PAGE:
The Curse of Life in There Are No Children Here

The Curse of Life in There Are No Children Here

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There Are No Children Here – The Curse of Life     


To most living in the Henry Horner Homes, life often seems to be more of a curse than a gift. The people of this public housing project only experience the briefest moments of joy before the reality of their lives comes rushing back to them. This book chronicles the lives of two boys, Lafeyette, 10, and Pharoah, 7, from the summer of 1985 to the fall of 1989. Though the boys are young, author Alex Kotlowitz adeptly conveys that these children are not children at all. They have not been allowed to live the carefree lives that most of us living outside of the projects did. Instead, very early on they became aware of their hardships and had to learn to deal with them. In their short lives, they have been to more funerals than weddings and this has simultaneously crushed their spirits and hardened them.

The environment in which these boys live is one of violence, drugs and poverty. Their housing is less than optimal, as the bathtub faucet cannot be shut off, the oven and kitchen sink are broken, and the plumbing is often out of order. Gang activity rules these Chicago housing projects. This book gives a keen insight to someone on the outside on how intense the violence there is.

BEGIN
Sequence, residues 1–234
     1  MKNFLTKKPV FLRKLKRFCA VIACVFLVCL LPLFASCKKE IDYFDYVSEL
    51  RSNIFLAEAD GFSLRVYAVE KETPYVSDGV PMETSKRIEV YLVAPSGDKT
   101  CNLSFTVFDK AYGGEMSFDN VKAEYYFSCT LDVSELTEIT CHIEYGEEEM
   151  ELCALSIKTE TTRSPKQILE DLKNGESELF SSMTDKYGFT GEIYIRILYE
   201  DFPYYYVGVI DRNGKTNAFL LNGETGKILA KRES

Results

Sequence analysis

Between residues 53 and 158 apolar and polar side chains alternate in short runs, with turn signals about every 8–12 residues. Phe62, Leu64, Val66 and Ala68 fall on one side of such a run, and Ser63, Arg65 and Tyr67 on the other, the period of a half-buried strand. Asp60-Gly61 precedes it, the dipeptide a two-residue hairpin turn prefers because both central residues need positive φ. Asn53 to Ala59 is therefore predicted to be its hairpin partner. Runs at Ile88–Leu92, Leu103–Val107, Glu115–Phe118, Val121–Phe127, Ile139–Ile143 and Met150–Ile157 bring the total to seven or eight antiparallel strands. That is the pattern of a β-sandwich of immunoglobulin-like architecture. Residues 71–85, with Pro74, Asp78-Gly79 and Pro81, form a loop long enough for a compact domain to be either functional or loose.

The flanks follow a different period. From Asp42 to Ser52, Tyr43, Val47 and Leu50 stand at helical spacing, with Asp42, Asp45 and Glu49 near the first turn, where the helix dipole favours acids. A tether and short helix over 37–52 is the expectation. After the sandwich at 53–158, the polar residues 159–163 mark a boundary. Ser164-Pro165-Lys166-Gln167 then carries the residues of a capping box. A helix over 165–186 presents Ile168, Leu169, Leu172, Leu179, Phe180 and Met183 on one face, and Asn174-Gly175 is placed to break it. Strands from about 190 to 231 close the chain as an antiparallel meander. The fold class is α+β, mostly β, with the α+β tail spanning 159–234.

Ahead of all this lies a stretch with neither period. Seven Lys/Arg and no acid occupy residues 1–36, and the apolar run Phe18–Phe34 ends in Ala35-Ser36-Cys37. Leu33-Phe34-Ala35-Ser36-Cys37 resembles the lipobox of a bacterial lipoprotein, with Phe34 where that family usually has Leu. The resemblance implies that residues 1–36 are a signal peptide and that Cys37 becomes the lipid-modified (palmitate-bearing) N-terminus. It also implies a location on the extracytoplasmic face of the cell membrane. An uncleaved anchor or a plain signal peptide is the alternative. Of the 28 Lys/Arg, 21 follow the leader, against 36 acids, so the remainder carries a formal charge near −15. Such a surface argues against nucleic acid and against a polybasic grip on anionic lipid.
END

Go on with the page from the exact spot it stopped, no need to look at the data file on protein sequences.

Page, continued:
Bullets riddle through the night, and frequently into the apartments. Facing each new day with the fear that your life could be taken away in a second, by one of many acts of gang violence, leaves the residents feeling hopelessly insecure. Throughout the book, Lafeyette and Pharoah voice a strong desire to get out of the projects. However, a solution as to how this might be accomplished is never discussed. The family is dependent on welfare, so there is no extra money to be saved for alternative residence. For the time being, Lafeyette and Pharoah make a conscious decision to lay low and keep away form gangs and drugs so they do not become a part of the life that keeps them down.

Lafeyette and Pharoah make insightful comments about how people get sucked into gang-life. They, like many other children and adults, are caught in the middle of despising gang activity, but still understanding the reasons people are involved in it. There are not many examples of tangible incentives to stay out, but to join means that you will have power, protection and money.

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Even though gang mentality is crooked to those of us on the outside, it is necessary to those inside. When you are the cause of the violence and destruction around you, you are no longer afraid of it. Most teens at the crossroads of staying in school or becoming part of a gang have lost their lust for life. To them, just being a part of something bigger that oneself gives one a purpose for life.